Program Effectively: Principles, Models and Tools
Historically, family planning (FP) programs have received fragmented support, with insufficient coordination among supply, demand, and advocacy interventions. As a consequence, their impact has often fallen short of stated goals or has been short-lived.
Over its five-year lifetime, ACQUIRE applied lessons learned from accumulated field experience to create a program model emphasizing the importance of, and potential synergy among, supply, demand, and advocacy. This Program Model for FP/RH Service Delivery reflects a holistic understanding of the health care systems that provide RH/FP services. The ACQUIRE Program Model, which applies to RH/FP services in general, as well as specifically to clinical FP services, highlights the need to view supply, demand, and advocacy as part of a dynamic system in which each piece influences and reinforces the other, and in which all have to be coordinated and be functioning effectively.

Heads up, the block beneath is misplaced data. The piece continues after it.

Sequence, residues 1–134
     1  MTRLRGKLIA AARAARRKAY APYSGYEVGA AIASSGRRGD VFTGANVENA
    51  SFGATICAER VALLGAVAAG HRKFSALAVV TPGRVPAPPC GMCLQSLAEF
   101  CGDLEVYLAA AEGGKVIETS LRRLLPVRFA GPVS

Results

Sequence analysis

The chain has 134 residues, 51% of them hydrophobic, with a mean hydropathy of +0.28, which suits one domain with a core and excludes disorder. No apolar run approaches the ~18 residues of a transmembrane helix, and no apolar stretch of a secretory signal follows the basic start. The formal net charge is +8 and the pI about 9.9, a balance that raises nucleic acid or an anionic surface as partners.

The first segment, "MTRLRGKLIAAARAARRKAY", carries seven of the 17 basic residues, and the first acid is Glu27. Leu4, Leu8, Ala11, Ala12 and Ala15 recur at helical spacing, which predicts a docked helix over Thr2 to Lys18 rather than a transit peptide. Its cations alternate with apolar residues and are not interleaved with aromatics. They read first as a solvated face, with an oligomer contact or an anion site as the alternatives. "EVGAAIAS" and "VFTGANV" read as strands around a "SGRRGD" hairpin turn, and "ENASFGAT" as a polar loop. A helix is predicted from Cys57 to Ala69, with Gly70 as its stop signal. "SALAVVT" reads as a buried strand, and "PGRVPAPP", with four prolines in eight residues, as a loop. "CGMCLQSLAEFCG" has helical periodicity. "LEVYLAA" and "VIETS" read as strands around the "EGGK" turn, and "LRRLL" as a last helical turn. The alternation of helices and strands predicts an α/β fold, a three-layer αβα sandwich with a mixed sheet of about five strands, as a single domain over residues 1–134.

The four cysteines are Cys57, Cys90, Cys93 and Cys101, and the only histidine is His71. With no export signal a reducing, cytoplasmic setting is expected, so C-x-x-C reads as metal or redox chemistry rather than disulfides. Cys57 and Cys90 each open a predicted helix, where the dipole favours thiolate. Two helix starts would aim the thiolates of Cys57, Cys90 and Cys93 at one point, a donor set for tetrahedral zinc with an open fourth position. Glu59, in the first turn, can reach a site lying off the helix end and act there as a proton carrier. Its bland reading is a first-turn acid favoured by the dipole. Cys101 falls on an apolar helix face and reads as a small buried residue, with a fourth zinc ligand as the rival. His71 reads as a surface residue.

This section of the digital archive presents a series of case studies on repositioning FP in five Sub-Saharan African countries; these case studies identified elements of successful programs and helped to inform the development of ACQUIRE’s program model. It also includes reports that illustrate how the model was applied in several countries. Three of ACQUIRE’s practical programming tools are also linked here:
- The Reality √ Family Planning Forecasting Tool, which was successfully introduced in several countries to help decision makers to generate data for evidence-based advocacy, planning, and resource mobilization
- The comprehensive Programming for Training Resource Package, which outlines an overall approach to incorporating training into all areas of a health care program and offers information, methods, and tools for designing, developing, planning, implementing, and evaluating training and for strengthening training systems
- The Ten Guiding Principles to bear in mind when designing service programs that provide long-acting and permanent FP methods